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Living with nature

New York found itself choking with ash from burning forests in Canada, and the desert state of Texas faces repeated floods. This is not the dream West of green card aspirants & package tourists

Sukanta Chaudhuri Published 04.09.23, 07:26 AM
The last five years have seen exponential havoc in the earth’s soil, air and water.

The last five years have seen exponential havoc in the earth’s soil, air and water. Sourced by The Telegraph

August 2023 saw another historic event besides the Chandrayaan landing. It happened half a world away from India. The people of Ecuador voted to halt an oil drilling project that would have decimated a crucial biodiversity area, the home of two tribes. Never before in the world has the extraction of oil been halted by organized popular pressure. In another referendum, inhabitants of the capital Quito outlawed mining in a biosphere reserve adjoining the city. The campaigns were not restricted to tribal peoples. They were steered nationally by youthful environment activists.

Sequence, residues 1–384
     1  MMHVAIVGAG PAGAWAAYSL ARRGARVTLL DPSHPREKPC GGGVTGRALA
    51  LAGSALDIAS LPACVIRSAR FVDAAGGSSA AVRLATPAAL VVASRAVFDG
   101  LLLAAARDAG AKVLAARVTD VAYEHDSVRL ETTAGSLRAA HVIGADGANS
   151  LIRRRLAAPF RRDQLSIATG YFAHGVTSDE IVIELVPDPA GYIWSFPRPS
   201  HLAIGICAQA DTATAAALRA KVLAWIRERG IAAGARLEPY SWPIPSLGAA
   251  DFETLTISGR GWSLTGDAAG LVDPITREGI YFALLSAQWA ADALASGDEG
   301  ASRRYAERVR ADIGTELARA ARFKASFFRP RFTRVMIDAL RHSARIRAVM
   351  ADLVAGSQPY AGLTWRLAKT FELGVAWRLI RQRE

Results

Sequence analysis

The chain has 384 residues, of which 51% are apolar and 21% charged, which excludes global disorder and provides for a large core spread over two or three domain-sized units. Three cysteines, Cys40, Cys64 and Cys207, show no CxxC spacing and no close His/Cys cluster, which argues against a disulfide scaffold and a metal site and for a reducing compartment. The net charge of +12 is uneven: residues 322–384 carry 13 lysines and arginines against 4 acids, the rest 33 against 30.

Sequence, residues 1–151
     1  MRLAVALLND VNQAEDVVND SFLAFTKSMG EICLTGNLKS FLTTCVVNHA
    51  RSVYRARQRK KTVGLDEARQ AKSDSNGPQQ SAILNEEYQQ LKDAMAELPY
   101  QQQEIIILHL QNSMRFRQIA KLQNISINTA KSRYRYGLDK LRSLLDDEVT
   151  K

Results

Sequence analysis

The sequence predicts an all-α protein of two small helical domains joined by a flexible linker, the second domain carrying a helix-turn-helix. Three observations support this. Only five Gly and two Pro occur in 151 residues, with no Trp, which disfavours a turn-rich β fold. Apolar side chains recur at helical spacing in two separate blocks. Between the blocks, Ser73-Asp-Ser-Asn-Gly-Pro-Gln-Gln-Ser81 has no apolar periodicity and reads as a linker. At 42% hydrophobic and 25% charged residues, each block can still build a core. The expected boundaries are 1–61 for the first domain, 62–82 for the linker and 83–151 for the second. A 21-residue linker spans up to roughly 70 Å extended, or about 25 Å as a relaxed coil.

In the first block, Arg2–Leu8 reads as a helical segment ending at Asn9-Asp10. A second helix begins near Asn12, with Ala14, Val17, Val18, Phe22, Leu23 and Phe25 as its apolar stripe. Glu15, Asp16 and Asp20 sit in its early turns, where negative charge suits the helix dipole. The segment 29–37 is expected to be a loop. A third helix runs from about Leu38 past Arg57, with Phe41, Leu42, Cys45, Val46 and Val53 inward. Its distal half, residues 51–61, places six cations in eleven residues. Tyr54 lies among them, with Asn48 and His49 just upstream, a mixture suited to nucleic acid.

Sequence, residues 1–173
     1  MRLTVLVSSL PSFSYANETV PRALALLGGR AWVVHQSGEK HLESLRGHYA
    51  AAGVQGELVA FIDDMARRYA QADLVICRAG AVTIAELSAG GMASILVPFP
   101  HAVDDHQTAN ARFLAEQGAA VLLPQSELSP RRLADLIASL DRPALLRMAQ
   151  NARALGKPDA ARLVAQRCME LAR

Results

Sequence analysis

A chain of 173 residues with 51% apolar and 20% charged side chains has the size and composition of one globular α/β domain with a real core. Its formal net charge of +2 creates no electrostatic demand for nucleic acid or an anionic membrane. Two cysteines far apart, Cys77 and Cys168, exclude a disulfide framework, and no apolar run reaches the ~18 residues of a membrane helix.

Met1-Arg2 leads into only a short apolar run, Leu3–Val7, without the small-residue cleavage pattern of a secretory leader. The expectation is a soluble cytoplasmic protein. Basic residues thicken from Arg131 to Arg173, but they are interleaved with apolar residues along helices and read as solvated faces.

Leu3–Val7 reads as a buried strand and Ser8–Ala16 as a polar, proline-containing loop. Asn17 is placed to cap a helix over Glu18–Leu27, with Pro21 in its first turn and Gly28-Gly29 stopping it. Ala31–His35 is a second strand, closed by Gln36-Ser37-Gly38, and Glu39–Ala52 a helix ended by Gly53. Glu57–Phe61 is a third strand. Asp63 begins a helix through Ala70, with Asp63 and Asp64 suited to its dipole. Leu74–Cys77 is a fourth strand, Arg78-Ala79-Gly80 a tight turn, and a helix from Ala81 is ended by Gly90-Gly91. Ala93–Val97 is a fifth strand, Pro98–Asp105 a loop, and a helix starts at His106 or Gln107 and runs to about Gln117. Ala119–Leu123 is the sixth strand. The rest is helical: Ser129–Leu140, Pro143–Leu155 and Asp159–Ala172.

The referendums were held alongside Ecuador’s national elections. In India, the Supreme Court has opined that our constitutional channel for the people’s voice is elections, not referendums. The example of Ecuador suggests the two are not incompatible. The environmentalists won 59% and 69% votes respectively in the two referendums. Virtually no candidate in the national elections polled half these numbers.


India has seen broad-based environmental campaigns across regions and communities. The iconic example is the Narmada Bachao Andolan. The Chipko movement was largely a local initiative, like the protracted struggles of the denizens of Niyamgiri in Odisha and Hasdeo in Chhattisgarh. An urban equivalent would be the outcry against the expansion of a copper smelting plant in Tuticorin.